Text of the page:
When the temperature begins to spike in your attic, the heat can become an infectious problem that spreads to your entire home and can only be cured if you insulate and ventilate properly. Though you may not think about it much, your attic can raise your utility bill by as much as 20 percent.
Why should I insulate and ventilate my attic?
We all know that heat rises, and as it does, your attic is capable of reaching temperatures as high as 200 degrees. A properly ventilated attic will keep this hot air moving out of your home. Without adequate ventilation, hot air can continue to accumulate in your attic until it begins to radiate back down through your ceiling and into your house. It’s the job of your insulation to act as a barrier to this heat. However, with too little insulation, your home will be unprotected.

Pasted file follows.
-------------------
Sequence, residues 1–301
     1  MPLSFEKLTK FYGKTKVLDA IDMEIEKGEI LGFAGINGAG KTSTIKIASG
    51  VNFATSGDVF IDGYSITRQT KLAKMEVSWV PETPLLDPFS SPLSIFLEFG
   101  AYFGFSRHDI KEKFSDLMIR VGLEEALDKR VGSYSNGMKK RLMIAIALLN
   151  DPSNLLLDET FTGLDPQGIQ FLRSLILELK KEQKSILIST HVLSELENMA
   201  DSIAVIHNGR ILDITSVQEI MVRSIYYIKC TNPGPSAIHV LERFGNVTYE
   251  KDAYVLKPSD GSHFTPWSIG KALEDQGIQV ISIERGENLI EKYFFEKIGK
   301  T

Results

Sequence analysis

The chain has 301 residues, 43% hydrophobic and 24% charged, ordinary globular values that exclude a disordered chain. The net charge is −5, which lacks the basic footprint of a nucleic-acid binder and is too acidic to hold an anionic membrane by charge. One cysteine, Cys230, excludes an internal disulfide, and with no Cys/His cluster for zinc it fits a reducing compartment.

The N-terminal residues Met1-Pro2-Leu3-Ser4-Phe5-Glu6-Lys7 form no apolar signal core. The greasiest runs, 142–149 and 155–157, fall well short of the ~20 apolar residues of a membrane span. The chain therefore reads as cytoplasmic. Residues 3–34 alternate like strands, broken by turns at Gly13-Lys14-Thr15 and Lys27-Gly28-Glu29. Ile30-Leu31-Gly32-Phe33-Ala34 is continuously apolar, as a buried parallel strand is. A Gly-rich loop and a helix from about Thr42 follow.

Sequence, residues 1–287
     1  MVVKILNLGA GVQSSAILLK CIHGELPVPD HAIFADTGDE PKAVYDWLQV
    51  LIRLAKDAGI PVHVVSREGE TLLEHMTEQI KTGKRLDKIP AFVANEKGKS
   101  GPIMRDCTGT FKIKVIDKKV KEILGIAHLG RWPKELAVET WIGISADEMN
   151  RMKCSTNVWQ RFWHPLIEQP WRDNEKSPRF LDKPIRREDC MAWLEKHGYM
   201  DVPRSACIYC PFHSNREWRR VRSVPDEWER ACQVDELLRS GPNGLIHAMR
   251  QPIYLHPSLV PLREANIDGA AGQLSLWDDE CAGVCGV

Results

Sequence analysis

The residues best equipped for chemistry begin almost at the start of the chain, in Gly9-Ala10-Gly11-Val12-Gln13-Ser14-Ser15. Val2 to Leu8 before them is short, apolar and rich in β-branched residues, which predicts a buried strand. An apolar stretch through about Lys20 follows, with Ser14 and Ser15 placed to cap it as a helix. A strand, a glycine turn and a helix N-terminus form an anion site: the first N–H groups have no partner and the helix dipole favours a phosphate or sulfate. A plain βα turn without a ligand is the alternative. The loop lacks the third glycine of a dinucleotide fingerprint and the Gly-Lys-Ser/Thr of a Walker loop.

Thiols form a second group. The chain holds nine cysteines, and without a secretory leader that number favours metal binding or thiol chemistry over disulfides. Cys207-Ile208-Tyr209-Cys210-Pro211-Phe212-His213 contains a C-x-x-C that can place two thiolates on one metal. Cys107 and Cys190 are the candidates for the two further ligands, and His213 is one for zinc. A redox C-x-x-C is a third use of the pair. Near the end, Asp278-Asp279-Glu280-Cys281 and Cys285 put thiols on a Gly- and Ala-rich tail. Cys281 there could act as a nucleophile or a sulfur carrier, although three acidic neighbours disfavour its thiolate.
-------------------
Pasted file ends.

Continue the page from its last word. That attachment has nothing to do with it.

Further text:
How can I adequately insulate and ventilate my attic?
It’s imperative that you inspect your attic’s ventilation regularly to make sure that it’s not clogged with debris. If you’re not sure if your attic is too hot, your roofing materials may give you a clue. A telltale sign of an excessively heated attic: shingles that are curled up on the ends from the heat. A simple solution to reduce heat in your attic as well as extend the longevity of your shingles is to install an attic fan. These fans require little to no structural alterations and are very affordable on any budget.
It’s a smart idea to work with a contractor to evaluate your attic’s insulation. A professional can help you to compare your current insulation’s R-value (resistance to heat) with the R-value recommended for North Carolina by the U.S. Department of Energy. If your insulation is lacking, your contractor can help you determine how much insulation you’ll need and which type will serve you best.
For more expert advice on how to insulate and ventilate your attic, contact the professionals at Smoky Mountain Heating & Air.
Our goal is to help educate our customers in Asheville, North Carolina and surrounding areas about energy and home comfort issues (specific to HVAC systems).
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